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Malaysia Considers 10-Year Jail Term for False News

A man takes a copy of newspaper at a grocery shop in Shah Alam, Malaysia, Monday, March 26, 2018. Malaysia's government on Monday proposed new legislation to outlaw fake news with a 10-year jail term for offenders. (AP Photo/Sadiq Asyraf)
A man takes a copy of newspaper at a grocery shop in Shah Alam, Malaysia, Monday, March 26, 2018. Malaysia's government on Monday proposed new legislation to outlaw fake news with a 10-year jail term for offenders. (AP Photo/Sadiq Asyraf)
Malaysia Considers 10-Year Jail Term for False News
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Malaysia’s government has proposed new laws aimed at banning fake, or false, news.

Punishments for those breaking the laws include a 10-year jail sentence and large fines.

Some people have called the proposed laws an attempt to severely limit criticism of the government before the general election.

Prime Minister Najib Razak is currently facing questions about billions of dollars missing from a state investment fund.

Human rights activists are concerned the new laws could be used to make reports on government wrongdoing and critical opinions illegal.

The general election is required to be held by August. But observers expect it to be held in the next few weeks.

The anti-fake news bills call for punishing those who create, offer, spread, print or publish false news or publications containing false news. Those found guilty could face a 10-year prison sentence, a fine of more than $128,000 or both.

The bill defines fake news as "any news, information, data and reports which is, or are, wholly or partly false whether in the form of features, visuals or audio recordings or in any other form capable of suggesting words or ideas."

The law, as it is written, extends to foreigners outside Malaysia as long as Malaysia or its citizens are affected.

Opposition lawmaker Ong Kian Ming reacted to the proposed laws on Twitter. He wrote, “This is an attack on the press and an attempt to instill fear among the (people).”

Government officials have said the law is needed to protect the public harmony and national security. They have accused the opposition coalition of using fake news as a weapon to win votes.

The officials also warned that any news about the Malaysia Development Berhad, or 1MDB, state fund that is not approved by the government is false.

The government fund plans long-term investments for the country. The United States and several other countries are investigating claims of corruption and illegal money exchanges at 1MDB.

Prime Minister Najib created the fund to support economic development. It has gathered billions of dollars in debt instead.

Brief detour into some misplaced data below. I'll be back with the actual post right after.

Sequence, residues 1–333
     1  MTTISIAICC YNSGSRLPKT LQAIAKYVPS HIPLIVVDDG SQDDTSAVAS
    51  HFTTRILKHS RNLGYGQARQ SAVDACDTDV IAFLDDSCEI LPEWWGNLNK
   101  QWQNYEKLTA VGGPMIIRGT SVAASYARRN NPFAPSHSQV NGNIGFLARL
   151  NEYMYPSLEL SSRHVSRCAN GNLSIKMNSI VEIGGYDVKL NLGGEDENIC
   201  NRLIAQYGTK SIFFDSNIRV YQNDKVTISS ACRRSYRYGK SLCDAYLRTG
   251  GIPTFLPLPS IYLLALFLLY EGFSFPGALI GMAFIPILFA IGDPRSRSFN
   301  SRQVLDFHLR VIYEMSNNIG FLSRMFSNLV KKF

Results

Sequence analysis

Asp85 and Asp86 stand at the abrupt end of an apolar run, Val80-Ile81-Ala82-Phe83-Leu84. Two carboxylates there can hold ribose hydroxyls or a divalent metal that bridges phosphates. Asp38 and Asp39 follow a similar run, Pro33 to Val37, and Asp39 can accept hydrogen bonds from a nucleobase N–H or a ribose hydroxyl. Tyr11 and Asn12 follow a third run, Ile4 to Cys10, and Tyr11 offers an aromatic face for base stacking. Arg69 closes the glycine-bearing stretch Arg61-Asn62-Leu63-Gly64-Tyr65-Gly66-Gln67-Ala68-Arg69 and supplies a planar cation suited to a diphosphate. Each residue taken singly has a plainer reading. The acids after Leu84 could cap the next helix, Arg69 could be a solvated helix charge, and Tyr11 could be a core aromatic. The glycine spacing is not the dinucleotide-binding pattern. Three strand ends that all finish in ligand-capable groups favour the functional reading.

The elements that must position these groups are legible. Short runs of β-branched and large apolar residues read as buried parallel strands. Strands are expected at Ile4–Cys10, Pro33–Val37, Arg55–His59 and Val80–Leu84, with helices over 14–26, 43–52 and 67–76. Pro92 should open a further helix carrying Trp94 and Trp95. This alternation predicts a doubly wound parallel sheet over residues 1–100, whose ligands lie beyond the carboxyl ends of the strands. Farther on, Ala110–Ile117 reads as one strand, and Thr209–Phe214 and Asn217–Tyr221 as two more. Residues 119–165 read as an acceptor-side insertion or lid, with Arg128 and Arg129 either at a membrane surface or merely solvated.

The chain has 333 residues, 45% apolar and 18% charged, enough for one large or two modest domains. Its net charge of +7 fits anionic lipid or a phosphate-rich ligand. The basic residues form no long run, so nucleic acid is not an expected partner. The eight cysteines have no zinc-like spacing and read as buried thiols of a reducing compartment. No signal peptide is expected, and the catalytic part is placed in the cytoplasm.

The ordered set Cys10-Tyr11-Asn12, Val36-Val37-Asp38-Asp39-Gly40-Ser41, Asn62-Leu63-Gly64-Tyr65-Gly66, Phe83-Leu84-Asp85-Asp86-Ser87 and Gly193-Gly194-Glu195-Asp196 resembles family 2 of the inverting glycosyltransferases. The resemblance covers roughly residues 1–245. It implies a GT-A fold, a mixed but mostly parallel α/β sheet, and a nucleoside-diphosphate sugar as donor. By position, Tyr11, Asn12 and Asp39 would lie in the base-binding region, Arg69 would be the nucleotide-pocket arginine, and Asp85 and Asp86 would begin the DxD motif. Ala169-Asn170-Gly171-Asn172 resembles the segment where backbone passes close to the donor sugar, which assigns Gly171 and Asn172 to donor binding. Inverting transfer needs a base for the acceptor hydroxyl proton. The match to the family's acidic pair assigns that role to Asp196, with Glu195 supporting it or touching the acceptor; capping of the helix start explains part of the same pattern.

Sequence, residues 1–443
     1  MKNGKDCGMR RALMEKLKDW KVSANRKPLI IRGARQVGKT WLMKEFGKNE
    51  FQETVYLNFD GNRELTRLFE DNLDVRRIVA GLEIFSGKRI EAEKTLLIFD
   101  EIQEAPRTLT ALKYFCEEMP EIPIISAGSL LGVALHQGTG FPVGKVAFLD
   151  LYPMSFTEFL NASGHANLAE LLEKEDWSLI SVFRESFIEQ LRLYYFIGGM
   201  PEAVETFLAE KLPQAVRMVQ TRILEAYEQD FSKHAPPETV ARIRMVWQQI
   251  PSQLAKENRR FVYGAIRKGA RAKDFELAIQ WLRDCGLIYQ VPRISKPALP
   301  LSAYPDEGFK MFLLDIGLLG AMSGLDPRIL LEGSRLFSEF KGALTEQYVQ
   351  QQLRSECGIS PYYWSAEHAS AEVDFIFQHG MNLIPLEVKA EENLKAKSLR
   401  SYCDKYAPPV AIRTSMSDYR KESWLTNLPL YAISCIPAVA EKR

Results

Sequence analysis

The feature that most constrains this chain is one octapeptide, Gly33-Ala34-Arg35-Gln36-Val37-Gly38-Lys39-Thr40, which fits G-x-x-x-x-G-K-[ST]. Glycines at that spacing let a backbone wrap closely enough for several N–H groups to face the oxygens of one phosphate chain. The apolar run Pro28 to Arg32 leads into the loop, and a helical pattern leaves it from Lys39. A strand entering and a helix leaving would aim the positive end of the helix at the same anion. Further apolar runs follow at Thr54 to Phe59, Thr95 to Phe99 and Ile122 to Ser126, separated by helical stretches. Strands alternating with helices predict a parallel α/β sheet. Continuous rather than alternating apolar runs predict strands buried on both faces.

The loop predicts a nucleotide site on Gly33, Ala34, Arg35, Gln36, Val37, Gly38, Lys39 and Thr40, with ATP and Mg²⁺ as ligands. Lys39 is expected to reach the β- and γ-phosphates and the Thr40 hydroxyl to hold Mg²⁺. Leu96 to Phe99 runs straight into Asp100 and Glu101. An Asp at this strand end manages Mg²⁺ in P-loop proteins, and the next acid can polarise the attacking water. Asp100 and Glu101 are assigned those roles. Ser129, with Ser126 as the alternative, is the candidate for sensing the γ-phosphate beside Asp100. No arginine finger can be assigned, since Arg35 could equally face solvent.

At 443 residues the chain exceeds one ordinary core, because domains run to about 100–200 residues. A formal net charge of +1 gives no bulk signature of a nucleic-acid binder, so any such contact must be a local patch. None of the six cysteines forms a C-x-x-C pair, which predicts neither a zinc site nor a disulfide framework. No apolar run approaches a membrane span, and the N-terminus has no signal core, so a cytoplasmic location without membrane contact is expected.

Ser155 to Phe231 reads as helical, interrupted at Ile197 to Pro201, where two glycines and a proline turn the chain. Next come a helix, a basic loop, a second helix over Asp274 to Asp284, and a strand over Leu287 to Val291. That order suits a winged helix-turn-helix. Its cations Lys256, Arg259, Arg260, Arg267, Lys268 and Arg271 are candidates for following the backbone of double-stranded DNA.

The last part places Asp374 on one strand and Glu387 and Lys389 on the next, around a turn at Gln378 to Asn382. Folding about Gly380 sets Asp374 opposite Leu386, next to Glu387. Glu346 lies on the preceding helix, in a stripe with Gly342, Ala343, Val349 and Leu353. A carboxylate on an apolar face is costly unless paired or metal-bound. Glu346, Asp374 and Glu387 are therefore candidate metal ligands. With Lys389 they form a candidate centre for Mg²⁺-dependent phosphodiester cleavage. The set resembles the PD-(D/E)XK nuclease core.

The U.S. Justice Department says people connected to Najib stole at least $4.5 billion from 1MDB. The department is working to seize $1.7 billion taken from the fund to buy assets in the United States. The move could be the largest U.S. asset seizure.

Najib denies any wrongdoing. He has dismissed critics in his government and restricted the media since news of the corruption appeared three years ago.

Support for Najib's ruling coalition has greatly decreased in the last two elections. It lost the popular vote for the first time to the opposition in 2013.

Experts expect Najib to win a third term. This is because of disagreements within the opposition, changes to voting areas and strong support for the government among rural ethnic Malays.

Critics said the anti-false news bill will add to a list of restrictive laws. This includes a sedition law, a press and publications act, and an official secrets act and a security act. All of these laws have been used to violate freedom of expression and damage media freedom, critics add.

A coalition of human rights and other organizations have expressed concern that the government was pushing the legislation through too quickly. They say the government did not ask for public opinion or release details about the law ahead of time for public examination.

The Associated Press first reported this story. Pete Musto adapted it for VOA Learning English. Mario Ritter was the editor.

We want to hear from you. How does your country’s government react to critical voices and opposition? How do you think that reaction should change? Write to us in the Comments Section or on our Facebook page.


Words in This Story

fake - adj. not true or real

fund - n. an amount of money that is used for a special purpose

data - n. ​facts or information used usually to calculate, analyze, or plan something​

features - n. ​a special story or section in a newspaper or magazine​

visuals - n. ​something you look at (such as a picture, chart, or film) that is used to make something more appealing or easier to understand​

audio - n. ​of or relating to the sound that is heard on a recording or broadcast​

capable - adj. ​able to do something : having the qualities or abilities that are needed to do something​

harmony - n. ​a pleasing combination or arrangement of different things

assets - n. ​something that is owned by a person, company, etc. — usually plural

sedition - n. ​the crime of saying, writing, or doing something that encourages people to disobey their government